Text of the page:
'New Woman' Magazines Catch Advertisers' Eye Amid Industry Slump

Times Staff Writer

Magazine industry watchers saw more than a little significance in a recent announcement by Esquire Inc., chronicler of hairy-chested male accomplishment, that it will put out a bimonthly publication for women.

The publisher said it will bring out this summer New York Woman, a magazine for and about the city's "accomplished and aspiring women." The experts say its launch is another sign of success for a group of magazines that has recently prospered while much of the industry has languished in an advertising slowdown.

The group is sometimes called the "new woman" magazines, referring to their focus on the concerns of the younger and working women. The category usually includes the career-centered Working Woman, Working Mother, and Savvy; the health and fitness magazines Self and American Health; the largely political Ms., and Parents magazine.

Still Behind 'Service' Magazines

While these magazines still lag far behind the fashion and home-centered "service" magazines in profits and circulation, "their success with advertisers and ad agencies has been pretty spectacular," says John Mack Carter, an oft-quoted industry observer and editor-in-chief of Good Housekeeping magazine.

Most of the publications have now been around for a decade, which, in a business with a 98% casualty rate, "is an impressive statistic by itself," says Carol Taber, publisher of Working Woman magazine.

Working Woman, which turned 10 years old last month, has grown to a circulation of 770,000 by giving women advice on such practical matters as office memo writing and such abstruse topics as the wielding of corporate power. Recent articles included, for example, "How to get good results from problem people," "Avoiding corporate culture shock" and "The ideal husband for a working woman."

The magazine's New York-based owner, Hal Publications, purchased it eight years ago in bankruptcy court reorganization. Last year, Working Woman's revenue topped $20 million, up from about $10 million in 1982.

Of the magazines in the category, only Conde Nast's Self, which maps the torturous path to leanness, has done better. Self's sales topped $26 million last year, more than doubling since 1983, while its circulation passed the 1-million mark.

The magazines have succeeded by persuading advertisers that they are a sensibly priced way to reach a group of women who tend to be younger and more affluent than most, and don't watch daytime television.

Prime-time television is too expensive, and, while general-interest magazines are more efficient on a cost-per-thousand readers basis, advertisers believe women pay closer attention to special-interest magazines.

"A lot of companies have been forgoing some more general-interest magazines to concentrate on smaller magazines, where a specialized subject brings you more reader involvement," says Leo Scullin, a senior vice president at the Young & Rubicam ad agency in New York.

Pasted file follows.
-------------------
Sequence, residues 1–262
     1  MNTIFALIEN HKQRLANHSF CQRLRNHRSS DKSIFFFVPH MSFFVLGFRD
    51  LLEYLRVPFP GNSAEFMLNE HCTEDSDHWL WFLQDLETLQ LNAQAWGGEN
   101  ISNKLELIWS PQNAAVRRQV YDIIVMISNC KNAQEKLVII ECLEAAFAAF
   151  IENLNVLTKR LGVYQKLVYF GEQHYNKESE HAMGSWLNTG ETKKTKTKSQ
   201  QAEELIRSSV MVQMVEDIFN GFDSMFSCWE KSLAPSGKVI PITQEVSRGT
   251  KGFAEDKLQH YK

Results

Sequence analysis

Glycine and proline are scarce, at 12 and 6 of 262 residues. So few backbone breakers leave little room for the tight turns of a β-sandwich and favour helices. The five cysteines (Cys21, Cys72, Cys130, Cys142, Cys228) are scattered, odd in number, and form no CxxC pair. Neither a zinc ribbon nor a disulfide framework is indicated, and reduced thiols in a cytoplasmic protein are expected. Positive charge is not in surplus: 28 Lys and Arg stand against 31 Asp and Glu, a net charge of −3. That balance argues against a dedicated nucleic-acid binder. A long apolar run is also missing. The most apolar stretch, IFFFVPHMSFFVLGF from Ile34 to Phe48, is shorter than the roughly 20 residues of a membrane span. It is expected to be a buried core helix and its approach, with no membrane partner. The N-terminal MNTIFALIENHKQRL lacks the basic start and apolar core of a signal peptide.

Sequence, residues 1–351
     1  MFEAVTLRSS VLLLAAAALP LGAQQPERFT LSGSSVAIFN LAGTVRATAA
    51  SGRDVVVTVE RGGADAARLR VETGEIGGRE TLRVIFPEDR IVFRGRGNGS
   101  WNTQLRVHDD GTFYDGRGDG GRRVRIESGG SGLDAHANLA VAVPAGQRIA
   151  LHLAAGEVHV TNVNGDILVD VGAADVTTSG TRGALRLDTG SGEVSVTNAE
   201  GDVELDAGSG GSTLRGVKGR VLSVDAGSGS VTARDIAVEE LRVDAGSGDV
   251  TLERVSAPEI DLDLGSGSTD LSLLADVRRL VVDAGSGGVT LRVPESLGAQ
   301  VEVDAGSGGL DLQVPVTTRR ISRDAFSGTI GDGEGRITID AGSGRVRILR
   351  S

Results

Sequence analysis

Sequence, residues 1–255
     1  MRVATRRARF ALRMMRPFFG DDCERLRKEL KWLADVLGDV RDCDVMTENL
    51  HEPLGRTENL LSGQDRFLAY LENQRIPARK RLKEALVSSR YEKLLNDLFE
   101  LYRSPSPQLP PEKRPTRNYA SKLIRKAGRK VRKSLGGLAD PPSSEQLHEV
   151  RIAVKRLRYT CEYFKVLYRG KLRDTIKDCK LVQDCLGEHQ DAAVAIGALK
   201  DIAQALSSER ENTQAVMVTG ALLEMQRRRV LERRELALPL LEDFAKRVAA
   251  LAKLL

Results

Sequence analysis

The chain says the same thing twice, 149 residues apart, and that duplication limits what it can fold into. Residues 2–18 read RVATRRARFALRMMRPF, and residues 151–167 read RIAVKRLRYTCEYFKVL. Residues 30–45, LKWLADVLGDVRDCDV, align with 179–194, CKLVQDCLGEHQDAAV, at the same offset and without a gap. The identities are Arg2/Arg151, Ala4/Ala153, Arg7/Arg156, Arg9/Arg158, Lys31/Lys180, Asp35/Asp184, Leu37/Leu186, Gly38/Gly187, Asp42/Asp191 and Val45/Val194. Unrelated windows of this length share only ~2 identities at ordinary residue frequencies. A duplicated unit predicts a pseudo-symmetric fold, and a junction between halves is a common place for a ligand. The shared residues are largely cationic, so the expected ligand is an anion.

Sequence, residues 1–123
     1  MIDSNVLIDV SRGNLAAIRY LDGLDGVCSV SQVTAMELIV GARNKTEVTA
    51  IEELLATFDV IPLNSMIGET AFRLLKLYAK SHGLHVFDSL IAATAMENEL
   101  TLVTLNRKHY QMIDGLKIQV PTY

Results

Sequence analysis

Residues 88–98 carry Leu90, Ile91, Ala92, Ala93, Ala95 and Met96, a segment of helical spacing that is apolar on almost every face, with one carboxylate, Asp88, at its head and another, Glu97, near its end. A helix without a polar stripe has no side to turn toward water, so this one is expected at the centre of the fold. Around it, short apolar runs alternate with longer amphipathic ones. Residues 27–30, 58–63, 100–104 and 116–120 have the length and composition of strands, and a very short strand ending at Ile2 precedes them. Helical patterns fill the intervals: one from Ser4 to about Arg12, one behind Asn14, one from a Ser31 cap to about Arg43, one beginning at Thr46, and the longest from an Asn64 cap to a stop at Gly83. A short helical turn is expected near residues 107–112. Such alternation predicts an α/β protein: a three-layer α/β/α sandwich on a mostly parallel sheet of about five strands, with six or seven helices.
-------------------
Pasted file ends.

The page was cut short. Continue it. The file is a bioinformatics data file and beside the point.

The magazines' advertisers include, of course, food, cosmetics and apparel companies that provide the bread and butter for all women's magazines. But the new-woman publications--in particular the career-oriented ones--have also attracted advertisers that have primarily pitched their products at men. Among these are financial service firms, automobile manufacturers and office-equipment makers.

Advertisers of office and business products--including office equipment and financial services--accounted for 52% of Working Woman's ad revenue, for example. The No. 2 category is cosmetics, followed, by food, automotive products and apparel.

More Receptive

"Our goal in these ads is to try to reinforce, in an unintimidating way, messages we're also trying to send in other media," says Donald Holmes, marketing manager for the Sears Financial Network. The group, which includes the big retailer's Dean Witter brokerage, Allstate insurance, Coldwell Banker real estate and Sears Savings Bank, began an ad campaign with the magazines this year.

The company has been encouraged by research showing that women are more receptive to ads for financial services than men.

"Men are often just as uninformed, but they're not willing to admit it and seek out information," Holmes said.

Some analysts believe that these specialized magazines can only gain advertising and circulation in the future, while the "Seven Sisters"--the venerable Ladies Home Journal, Better Homes & Gardens, Good Housekeeping and others--lose it.

The circulation of the traditional women's magazines "has really peaked out, while the revenue growth hasn't kept up with the growth of the advertising spending overall," said David C. Lehmkuhl, a vice president at the N. W. Ayer & Co. ad agency in New York. "These new specialty magazines cater more to the needs of the younger women, and they're bound to grow."

Certainly, the new-woman magazines have already influenced the older publications, which carry more articles and columns on careers and fitness.